The first rescue Juliana Castañeda remembers was a little white dog she found on the streets of Colombia when she was seven. He was hungry and dirty, so Castañeda scooped him up and carried him home. She named him Copito, or Q-tip.
More rescues soon followed, including dogs, cats, birds and rodents. Castañeda even once brought home an abandoned little boy—street children are not uncommon in Colombia—whom she fed in her room for days before her mother discovered him.
To Castañeda, it was all the same: If someone needed help, you helped, regardless of species.
Hundreds of rescues later, her feelings haven’t changed.
Once we fully understand that we are all equals, just with a different body, we will find the solution to all our problems.
Warm, sincere and endlessly nurturing, Castañeda is founding director of Juliana’s Animal Sanctuary, which she officially opened in 2008, although most of her life had been dedicated to the idea. Within a few years of finding Copito, she was selling chocolates and veggie burgers at school, saving all of her profits for her “dream.”
“I told my mother, ‘When I grow up, I want to buy a big house, and I am going to help all the animals in the world,’” she recalls.
As much as Castañeda is a dreamer, she is even more of a doer. It is perhaps the best way to describe her: always doing.
Her recent pregnancy was no exception. She says the hardest part was the last week, when her belly got so big that she finally had to leave her animals’ care to volunteers. But after 20-plus hours of labor and the 10 p.m. home birth of her son, Bhimal, her belly was no longer in her way, so she was up feeding animals the next morning.
“I can’t remember the last time I sat down and relaxed,” Castañeda, who has dark reddish-brown hair and a bright smile, says laughing. “My body does get tired, but I love my work so much.”
That work includes far more than taking care of the sanctuary’s 80 or so animals, among them cows, pigs, horses, dogs, cats, rabbits, chickens, roosters and more—all of whom Castañeda considers her children. She also hosts sanctuary visitors, gives talks at local schools, fundraises, and promotes veganism through education, a meat-free Monday campaign and cooking workshops in Colombia and beyond.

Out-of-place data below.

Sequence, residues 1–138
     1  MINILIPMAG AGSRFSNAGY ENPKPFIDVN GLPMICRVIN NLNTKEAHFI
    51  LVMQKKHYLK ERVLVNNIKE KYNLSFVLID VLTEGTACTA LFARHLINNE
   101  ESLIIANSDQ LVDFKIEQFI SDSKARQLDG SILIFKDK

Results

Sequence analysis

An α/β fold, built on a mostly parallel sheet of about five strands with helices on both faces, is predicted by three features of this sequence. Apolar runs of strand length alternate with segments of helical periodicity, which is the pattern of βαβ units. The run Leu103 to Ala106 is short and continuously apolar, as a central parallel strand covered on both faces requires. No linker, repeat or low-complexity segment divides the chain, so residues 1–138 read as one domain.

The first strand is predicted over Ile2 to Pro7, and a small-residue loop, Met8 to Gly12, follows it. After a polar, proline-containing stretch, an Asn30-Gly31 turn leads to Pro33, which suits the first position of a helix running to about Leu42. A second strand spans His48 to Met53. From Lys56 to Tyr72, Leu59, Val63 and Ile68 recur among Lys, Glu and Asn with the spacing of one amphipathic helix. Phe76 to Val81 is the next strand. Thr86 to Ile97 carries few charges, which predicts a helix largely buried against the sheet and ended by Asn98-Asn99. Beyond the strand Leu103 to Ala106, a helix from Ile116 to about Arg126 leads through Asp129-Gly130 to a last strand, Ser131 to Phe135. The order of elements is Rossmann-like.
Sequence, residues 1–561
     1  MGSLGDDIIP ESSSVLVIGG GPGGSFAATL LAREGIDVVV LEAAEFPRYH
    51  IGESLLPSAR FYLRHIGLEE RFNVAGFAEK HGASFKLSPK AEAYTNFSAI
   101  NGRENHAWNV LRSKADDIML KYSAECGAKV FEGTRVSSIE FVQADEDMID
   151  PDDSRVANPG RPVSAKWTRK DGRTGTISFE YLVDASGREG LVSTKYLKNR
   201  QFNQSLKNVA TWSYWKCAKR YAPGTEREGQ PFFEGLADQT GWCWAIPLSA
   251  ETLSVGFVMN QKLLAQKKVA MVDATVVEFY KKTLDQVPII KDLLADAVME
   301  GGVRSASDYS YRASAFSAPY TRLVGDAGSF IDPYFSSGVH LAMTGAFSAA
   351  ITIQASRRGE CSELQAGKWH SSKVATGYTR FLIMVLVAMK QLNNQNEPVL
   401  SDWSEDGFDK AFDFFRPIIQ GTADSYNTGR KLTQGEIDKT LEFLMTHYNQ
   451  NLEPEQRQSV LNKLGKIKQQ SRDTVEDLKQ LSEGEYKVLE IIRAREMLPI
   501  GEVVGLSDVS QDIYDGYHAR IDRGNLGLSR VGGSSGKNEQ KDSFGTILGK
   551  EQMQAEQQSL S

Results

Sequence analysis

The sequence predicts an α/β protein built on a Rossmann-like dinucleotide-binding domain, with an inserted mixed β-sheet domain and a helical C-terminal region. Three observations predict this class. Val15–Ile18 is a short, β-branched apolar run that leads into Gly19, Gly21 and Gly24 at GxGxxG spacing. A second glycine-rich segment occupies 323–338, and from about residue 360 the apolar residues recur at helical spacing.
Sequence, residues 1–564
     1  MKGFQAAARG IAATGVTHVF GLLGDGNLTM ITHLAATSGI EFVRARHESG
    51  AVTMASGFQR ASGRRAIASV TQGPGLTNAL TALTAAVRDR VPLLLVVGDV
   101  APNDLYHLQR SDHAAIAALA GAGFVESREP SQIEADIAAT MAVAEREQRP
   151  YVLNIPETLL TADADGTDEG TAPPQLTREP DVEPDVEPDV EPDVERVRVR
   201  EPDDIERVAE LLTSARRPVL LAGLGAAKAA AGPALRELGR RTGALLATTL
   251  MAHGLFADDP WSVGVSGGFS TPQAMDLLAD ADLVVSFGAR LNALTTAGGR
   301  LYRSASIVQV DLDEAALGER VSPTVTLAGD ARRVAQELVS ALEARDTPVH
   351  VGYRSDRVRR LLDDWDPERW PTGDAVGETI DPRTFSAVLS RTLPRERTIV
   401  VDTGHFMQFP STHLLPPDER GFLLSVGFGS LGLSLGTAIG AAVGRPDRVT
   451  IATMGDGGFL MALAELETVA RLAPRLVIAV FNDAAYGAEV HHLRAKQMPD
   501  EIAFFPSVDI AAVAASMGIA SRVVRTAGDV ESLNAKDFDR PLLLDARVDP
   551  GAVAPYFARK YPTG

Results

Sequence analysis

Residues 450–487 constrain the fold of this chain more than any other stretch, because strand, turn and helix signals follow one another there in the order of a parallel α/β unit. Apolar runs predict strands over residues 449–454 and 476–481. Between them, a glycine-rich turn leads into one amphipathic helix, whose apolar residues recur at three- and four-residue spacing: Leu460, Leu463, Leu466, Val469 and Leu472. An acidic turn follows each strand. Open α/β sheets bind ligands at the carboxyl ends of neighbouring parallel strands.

And that is just one of her jobs. With only about a fifth of the sanctuary’s costs covered by donations, Castañeda helps make up the rest through online work as a Spanish language translator. She brings in additional money selling handmade jewelry.
On top of all that, she runs a robust local project as part of Food for Life, a global relief organization that provides vegan meals for the poor. Her husband, Australian Paul Turner, whom she met through Food for Life in 2013, helped start the nonprofit decades ago.
Turner’s experience and help have been instrumental in boosting support for the sanctuary from overseas; nearly all of its volunteers and donations come from outside Colombia.
“Colombia is not a rich country and is still very ignorant when it comes to animal protection,” she says, describing the country as an extremely challenging place to help animals.
We have a huge responsibility. We are literally the only hope and haven for animals in this country.
She says she can’t imagine doing anything else with her life, and it is the animals who keep her going.
“They give me all the energy to never stop.”
She offers the story of one in particular, a cow named Gita, who Castañeda rescued from a slaughterhouse 10 years ago. When Castañeda first saw her, workers were trying force Gita into submission by electrocuting her.
“They were trying everything to break her spirit, but she was determined to maintain her dignity,” Castañeda remembers. “I named her Gita, which means ‘song.’ Gita is an example for everyone. The animals are my inspiration. Even after so much pain has been inflicted on them, they still come to you with love. They know everything about forgiveness.”
It is by rediscovering our connection with animals, by meeting and spending time with them, that Castañeda believes we will learn to stop harming them.
She offers another example, a 1,300-pound bull named Balarama who came to the sanctuary as a calf and whose face is tattooed on Castañeda’s left arm.
“He is a huge animal, but he is like a kitten. He purrs and everything,” she says. Castañeda has seen him change nearly everyone who has met him.
“They’ve told me, they write to me, ‘He is my friend. I cannot eat animals again.’ He is connecting people to all the bulls in the world.”
Castañeda sees mothers and children as another key. Kids are naturally inclined to be kind to animals, but many have told her they couldn’t go vegan because of their families. So Castañeda decided to begin targeting moms.
“The mother is the boss of the table,” in much of South America, she says, “so we have to teach the bosses.”
Castañeda always imagined that she would become a mom herself, but it was her efforts to reach others that made her want to have her son when she did.
“Before, many mothers were upset with me because their kids were turning vegan thanks to visiting the sanctuary or a vegan food workshop. They told me, ‘You don’t understand! You don’t have kids!’” Castañeda says.
“Now I can say to these mothers, ‘Yes, I really do understand.’”
In addition to moms, she hopes animal activists can learn from her example.
“I live in a poor, crazy country, and I am doing this,” she says.
“Anything is possible.”
Photos and interview for this story by Julie O’Neill. Text by Corinne Benedict.